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Fwd: Census 2000 Conference: Fri. Nov.1st, UC-Bkly

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  • irvin dawid
    The conference is free of charge and open to the public; no prior registration or RSVP is required. Lunch will be available for purchase at Ramona s Cafe,
    Message 1 of 1 , Oct 19, 2002
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      The conference is free of charge and open to the public; no prior
      registration or RSVP is required. Lunch will be available for purchase at
      Ramona's Cafe, located just outside the conference auditorium

      ----Original Message Follows----
      From: larry rosenthal <lar@...>
      To: bphup_list@...
      Subject: Census 2000 Conference: Fri. Nov.1st, UC-Bkly
      Date: Thu, 17 Oct 2002 13:41:46 -0700

      CENSUS 2000: GROWING TOGETHER OR APART?
      A One-Day Conference on U.S and California Population Trends and
      Their Implications for Cities and Metropolitan Areas
      8:30am-4:30pm, Wurster Hall Auditorium [Room 112], UC Berkeley Campus

      The 2000 Census has reaffirmed many of the basic trends of earlier research
      in the 1990's: the atomization of the family, the growth of minority
      populations and new immigrants, along with the population shift from the
      Northeast and Midwest to the South and West. Yet within these broad national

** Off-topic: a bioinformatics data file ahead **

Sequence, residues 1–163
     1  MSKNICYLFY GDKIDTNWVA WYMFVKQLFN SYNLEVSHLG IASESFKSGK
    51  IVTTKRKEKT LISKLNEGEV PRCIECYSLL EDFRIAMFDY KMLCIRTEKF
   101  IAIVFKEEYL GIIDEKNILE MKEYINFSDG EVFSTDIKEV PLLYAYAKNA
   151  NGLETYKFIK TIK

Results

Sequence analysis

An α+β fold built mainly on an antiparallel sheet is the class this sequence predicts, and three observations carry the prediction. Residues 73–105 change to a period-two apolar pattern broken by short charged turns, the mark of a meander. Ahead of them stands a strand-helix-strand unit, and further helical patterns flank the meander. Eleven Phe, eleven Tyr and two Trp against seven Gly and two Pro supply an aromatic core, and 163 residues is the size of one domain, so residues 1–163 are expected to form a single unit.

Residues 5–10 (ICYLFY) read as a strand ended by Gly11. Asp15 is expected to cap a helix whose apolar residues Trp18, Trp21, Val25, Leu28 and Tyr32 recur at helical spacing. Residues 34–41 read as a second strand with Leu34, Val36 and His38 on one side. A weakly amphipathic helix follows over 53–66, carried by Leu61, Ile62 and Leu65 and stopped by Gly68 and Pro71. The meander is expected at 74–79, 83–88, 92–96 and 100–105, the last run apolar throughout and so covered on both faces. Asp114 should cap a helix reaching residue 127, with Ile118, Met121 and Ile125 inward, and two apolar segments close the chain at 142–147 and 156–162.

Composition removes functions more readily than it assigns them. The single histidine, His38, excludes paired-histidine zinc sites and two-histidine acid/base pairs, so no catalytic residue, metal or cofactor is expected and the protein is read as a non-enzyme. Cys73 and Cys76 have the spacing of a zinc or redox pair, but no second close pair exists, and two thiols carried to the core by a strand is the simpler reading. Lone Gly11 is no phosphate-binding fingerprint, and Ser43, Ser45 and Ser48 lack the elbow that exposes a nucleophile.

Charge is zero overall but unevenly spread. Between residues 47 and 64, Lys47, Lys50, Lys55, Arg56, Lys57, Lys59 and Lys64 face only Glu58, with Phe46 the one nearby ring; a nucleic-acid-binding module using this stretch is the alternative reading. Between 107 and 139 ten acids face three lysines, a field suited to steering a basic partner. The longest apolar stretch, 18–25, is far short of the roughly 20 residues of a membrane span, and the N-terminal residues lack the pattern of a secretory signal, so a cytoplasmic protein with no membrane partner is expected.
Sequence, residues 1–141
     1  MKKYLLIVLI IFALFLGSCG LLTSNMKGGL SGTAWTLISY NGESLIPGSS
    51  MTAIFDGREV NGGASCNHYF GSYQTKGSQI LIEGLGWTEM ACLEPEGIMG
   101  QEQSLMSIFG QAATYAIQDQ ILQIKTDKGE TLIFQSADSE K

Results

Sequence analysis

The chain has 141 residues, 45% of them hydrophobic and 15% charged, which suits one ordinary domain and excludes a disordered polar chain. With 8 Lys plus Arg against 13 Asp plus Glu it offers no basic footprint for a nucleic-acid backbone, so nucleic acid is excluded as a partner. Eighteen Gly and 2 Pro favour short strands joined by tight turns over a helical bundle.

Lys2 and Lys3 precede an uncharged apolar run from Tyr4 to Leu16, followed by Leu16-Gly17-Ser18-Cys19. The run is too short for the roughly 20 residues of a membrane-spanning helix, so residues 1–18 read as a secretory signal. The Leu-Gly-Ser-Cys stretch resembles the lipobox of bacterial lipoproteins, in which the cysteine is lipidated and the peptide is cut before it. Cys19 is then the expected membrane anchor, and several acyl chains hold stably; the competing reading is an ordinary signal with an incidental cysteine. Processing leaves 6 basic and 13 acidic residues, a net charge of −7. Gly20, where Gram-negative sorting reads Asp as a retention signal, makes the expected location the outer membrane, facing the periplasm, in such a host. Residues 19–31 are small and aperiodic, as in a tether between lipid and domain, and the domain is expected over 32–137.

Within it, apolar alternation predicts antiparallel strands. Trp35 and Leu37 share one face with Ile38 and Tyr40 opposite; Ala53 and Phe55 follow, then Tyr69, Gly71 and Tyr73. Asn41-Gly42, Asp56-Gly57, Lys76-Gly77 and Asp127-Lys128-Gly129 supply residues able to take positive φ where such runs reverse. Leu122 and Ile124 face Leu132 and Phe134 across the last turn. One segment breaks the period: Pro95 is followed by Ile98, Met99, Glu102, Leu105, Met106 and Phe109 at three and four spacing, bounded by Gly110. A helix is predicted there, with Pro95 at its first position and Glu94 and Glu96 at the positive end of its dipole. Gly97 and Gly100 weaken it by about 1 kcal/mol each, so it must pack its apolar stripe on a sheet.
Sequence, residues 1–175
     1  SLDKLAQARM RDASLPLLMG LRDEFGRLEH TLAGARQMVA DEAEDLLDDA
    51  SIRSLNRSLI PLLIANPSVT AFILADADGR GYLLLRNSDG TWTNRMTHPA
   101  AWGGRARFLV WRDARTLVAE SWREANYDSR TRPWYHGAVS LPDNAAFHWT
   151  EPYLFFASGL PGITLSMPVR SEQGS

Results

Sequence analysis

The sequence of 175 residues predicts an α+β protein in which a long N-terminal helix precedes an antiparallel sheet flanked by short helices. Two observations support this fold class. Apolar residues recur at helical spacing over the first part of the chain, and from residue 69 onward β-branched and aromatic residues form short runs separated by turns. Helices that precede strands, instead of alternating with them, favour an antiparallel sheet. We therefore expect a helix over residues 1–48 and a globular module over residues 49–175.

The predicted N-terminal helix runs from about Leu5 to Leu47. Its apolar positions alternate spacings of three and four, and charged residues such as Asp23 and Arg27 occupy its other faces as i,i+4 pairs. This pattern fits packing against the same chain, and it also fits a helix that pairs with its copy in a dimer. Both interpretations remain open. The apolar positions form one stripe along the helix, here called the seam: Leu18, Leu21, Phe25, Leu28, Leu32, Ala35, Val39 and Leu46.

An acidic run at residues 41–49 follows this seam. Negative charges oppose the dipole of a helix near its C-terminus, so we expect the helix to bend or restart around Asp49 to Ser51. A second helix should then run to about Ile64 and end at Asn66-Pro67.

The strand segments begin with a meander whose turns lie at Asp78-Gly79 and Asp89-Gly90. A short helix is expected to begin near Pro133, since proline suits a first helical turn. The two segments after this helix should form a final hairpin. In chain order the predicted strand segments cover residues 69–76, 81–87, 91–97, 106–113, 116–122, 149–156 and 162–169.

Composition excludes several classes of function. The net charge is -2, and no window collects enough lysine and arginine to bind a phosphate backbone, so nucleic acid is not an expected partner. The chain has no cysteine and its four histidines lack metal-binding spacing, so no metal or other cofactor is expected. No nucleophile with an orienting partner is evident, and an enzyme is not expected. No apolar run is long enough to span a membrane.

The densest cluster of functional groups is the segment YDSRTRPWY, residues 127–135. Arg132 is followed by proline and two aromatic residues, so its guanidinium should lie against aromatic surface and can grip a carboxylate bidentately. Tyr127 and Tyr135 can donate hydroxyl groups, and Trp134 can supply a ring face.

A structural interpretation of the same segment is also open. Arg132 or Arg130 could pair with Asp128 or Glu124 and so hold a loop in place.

trends are substantial variations by region, and between and within
      metropolitan areas. These differences have important implications for
      planning, urban policy, regional and economic development as well as for
      housing and community welfare agendas at the local and state level.

      During this one day conference, on November 1, 2002, scholars will look at
      the geographic impact of changes to the population. Presentations will
      include William Frey on regional and metropolitan growth trends, Robert Lang
      on the rise of the "boomburbs," Paul Jargowsky on sprawl and poverty, Isabel
      Sawhill on children and families, Hans Johnson on the regions in California,
      Dowell Myers on immigration, Peter Schrag on demographics and politics, and
      Ness Sandoval on segregation and poverty. For more information see:
      http://urbanpolicy.berkeley.edu/census2000.htm.


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